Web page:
After months of wearing our beloved flip flops and summer sandals, it's time to assess the damage to our feet. Those heels have pounded the pavement, danced, worked out, and hopefully seen a sandy beach or two. Now, colder weather is upon us, and it's about that time when people start to forget about their feet entirely. If you have dry, cracked heels, you can head to the nearest nail salon for an intensive pedicure ... or head to the nearest drugstore for these all-star products.
The Internet is buzzing about Ali and Andrew, the college sweethearts who ended their seven-year relationship over infidelity. If you haven't seen their brutally honest discussion, watch it below:The video will strike a chord for anyone who's ever been cheated on—heck, it'll strike a chord for anyone who ever felt hurt by another person. And if, like the rest of the people who watched part one, you were curious how it all ends, we've got the next installment right here.
After your base coat, apply two coats of nail polish, allowing each one a minute to dry. The key to a perfect application is a steady hand: Make your initial contact at one side of the nail, as close to the cuticle as possible. Slowly swipe polish down the length of your nail, then repeat across the rest of the nail using slow, deliberate strokes. Avoid glopping on too much polish—thick coats look unnatural and chip faster. Pro Pick: Essie Nail Polish in Ballet Slippers (their best-selling shade)
Muck Rack makes it simple to find people, tweets, or articles that mention any name, keyword, company, hashtag etc. We've compiled this guide to help you make the most of your search.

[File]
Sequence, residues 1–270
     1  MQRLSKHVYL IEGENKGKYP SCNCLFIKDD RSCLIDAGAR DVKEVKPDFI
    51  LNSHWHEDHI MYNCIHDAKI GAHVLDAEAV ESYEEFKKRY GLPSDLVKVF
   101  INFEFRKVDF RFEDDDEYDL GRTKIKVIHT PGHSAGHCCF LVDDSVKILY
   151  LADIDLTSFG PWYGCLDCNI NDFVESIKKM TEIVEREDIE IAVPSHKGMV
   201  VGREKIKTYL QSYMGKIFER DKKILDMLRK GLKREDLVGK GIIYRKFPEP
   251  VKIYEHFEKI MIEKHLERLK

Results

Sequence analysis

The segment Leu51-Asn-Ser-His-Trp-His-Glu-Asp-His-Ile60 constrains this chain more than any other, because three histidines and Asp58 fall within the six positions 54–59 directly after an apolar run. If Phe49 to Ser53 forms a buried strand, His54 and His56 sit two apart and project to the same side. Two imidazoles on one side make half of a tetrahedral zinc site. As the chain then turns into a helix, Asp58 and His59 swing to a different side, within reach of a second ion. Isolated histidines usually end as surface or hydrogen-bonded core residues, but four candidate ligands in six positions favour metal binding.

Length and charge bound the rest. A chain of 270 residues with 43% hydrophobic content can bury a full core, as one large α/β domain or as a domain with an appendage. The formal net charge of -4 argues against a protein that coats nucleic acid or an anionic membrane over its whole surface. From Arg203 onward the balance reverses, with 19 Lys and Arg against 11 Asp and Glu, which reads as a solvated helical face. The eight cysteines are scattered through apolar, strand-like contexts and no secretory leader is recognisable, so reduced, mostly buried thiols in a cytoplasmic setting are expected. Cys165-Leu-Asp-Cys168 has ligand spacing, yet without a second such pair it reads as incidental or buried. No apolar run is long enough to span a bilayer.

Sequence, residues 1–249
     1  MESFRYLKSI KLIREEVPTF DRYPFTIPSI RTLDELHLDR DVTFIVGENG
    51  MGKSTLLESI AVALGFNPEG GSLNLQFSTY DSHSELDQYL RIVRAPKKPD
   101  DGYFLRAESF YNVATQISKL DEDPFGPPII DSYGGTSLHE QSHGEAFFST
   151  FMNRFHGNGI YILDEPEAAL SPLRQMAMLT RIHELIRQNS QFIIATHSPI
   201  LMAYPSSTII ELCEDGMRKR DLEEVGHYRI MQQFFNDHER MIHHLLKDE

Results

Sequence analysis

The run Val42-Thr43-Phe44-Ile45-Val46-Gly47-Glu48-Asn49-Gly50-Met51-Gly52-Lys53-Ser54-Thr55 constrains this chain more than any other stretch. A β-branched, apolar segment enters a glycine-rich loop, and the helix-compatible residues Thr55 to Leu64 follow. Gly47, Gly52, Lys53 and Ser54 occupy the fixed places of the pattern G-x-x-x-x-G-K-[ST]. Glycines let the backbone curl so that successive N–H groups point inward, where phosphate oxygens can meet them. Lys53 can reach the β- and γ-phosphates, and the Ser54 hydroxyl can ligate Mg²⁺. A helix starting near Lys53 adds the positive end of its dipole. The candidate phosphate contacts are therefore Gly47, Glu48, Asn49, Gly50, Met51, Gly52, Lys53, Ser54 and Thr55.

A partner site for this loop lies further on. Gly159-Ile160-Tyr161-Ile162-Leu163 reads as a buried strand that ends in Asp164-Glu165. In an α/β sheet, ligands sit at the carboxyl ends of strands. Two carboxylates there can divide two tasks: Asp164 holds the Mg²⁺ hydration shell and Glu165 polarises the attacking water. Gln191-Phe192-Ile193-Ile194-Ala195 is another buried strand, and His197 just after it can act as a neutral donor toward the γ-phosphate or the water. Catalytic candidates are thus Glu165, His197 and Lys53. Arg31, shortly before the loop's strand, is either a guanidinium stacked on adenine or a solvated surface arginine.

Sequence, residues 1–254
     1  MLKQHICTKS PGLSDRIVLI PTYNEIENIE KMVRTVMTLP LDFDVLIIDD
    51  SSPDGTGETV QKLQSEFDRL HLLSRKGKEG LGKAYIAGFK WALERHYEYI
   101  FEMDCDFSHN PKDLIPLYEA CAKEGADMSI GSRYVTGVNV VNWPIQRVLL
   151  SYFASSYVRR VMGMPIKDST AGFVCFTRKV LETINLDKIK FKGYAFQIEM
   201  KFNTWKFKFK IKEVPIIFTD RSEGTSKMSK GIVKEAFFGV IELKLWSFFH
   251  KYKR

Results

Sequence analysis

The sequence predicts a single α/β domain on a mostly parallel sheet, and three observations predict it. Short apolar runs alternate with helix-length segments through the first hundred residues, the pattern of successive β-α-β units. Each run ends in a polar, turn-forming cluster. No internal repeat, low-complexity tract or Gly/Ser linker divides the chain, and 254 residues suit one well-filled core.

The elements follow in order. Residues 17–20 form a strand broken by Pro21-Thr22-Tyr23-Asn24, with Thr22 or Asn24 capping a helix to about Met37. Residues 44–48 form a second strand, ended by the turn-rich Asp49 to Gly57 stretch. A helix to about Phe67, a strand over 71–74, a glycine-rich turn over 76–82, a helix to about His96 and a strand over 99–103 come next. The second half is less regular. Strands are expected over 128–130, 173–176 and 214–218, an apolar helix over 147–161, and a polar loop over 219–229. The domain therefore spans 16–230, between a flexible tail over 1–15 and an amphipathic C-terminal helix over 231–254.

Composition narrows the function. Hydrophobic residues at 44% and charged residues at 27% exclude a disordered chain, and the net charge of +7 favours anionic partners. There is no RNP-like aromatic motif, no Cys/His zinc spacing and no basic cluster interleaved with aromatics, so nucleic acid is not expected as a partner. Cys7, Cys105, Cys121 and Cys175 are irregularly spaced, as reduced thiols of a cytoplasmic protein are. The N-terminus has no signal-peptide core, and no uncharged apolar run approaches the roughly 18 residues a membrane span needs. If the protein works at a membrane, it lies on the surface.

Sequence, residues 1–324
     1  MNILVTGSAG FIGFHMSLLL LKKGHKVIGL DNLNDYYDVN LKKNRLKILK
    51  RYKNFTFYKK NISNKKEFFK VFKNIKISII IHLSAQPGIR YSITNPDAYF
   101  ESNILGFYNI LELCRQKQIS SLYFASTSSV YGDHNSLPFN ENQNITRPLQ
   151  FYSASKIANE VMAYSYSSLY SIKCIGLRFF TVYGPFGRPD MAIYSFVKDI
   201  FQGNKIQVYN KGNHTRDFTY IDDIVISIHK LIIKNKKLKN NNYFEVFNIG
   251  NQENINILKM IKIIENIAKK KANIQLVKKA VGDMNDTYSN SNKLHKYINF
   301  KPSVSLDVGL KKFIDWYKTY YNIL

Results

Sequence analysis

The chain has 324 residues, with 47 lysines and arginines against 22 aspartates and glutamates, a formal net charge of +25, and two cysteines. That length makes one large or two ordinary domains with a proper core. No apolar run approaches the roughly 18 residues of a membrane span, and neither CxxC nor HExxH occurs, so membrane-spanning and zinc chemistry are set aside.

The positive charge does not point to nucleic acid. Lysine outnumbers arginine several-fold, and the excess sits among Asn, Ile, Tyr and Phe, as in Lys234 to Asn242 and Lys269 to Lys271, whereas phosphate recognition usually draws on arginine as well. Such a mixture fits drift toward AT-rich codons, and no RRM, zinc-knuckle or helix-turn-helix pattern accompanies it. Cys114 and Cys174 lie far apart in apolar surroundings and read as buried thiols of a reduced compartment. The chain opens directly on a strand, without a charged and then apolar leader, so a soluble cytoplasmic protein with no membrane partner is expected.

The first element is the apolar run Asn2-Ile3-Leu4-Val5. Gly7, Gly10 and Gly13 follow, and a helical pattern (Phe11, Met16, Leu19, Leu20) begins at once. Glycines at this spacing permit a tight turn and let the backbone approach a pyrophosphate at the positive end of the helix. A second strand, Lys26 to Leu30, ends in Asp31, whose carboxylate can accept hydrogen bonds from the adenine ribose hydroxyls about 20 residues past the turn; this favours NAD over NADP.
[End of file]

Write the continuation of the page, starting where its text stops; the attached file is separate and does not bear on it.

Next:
Selecting a term
Start searching tweets, articles from media outlets, articles mentioned in tweets, journalists'
names, titles and bios with some suggested searches:
Companies or Topics (e.g. iPhone, Microsoft)
Phrases (e.g. "cloud computing") — use quotes to keep the terms together
Twitter handles (e.g. @username) — returns those who have mentioned or replied to
Names (e.g. "David Pogue")
Hashtags (e.g. #sxsw, #london2012)
Bio details (e.g. vegan, Olympics, father)
Muck Rack's Advanced Search allows for many boolean operators.
Find results that mention multiple specified terms, use AND or
+. For example, ensure each result contains both Elon Musk and Mark Zuckerberg by
searching Obama AND Romney or Obama + Romney.
Use the operators OR or , to broaden your search when you'd like either of
multiple terms to appear in results. (This is the default behavior of our search when no operators
are used.) For example, search for democrat OR republican to find results that refer to
Democrats and/or Republicans.
Use NOT or - to subtract results from your search. For
example, searching Disney will yield results about the Walt Disney Company as well as Walt Disney
World Resort. To exclude mentions of Disney World, search for Disney -World or Disney
When using one of these operators with a phrase, enclose it in quotation marks. For example, you can
find results about smartphones excluding Apple's iPhone 4S by searching smartphone -"iPhone
Exact case matching or punctuation
If you're searching for a brand name or keyword that relies on specific punctuation marks or capitalization, you can
find results that match your exact query by adding matchcase: before the keyword you're searching for, like matchcase:E*TRADE .
Use parentheses to separate multiple
boolean phrases. For example, to find journalists talking about having fun in Disney World or
Disneyland, search for ("disney world" OR disneyland) AND fun.
An asterisk can be used to search for any variation of a root word truncated by the asterisk. For example, searching for admin* will return results for administrator, administration, administer, administered, etc.
A near operator is an AND operator where you can control the distance between the words. You can vary the distance the near operation uses by adding a forward slash and number (between 0-99) such as strawberries NEAR/10 "whipped cream", which means the strawberries must exist within 10 words of "whipped cream".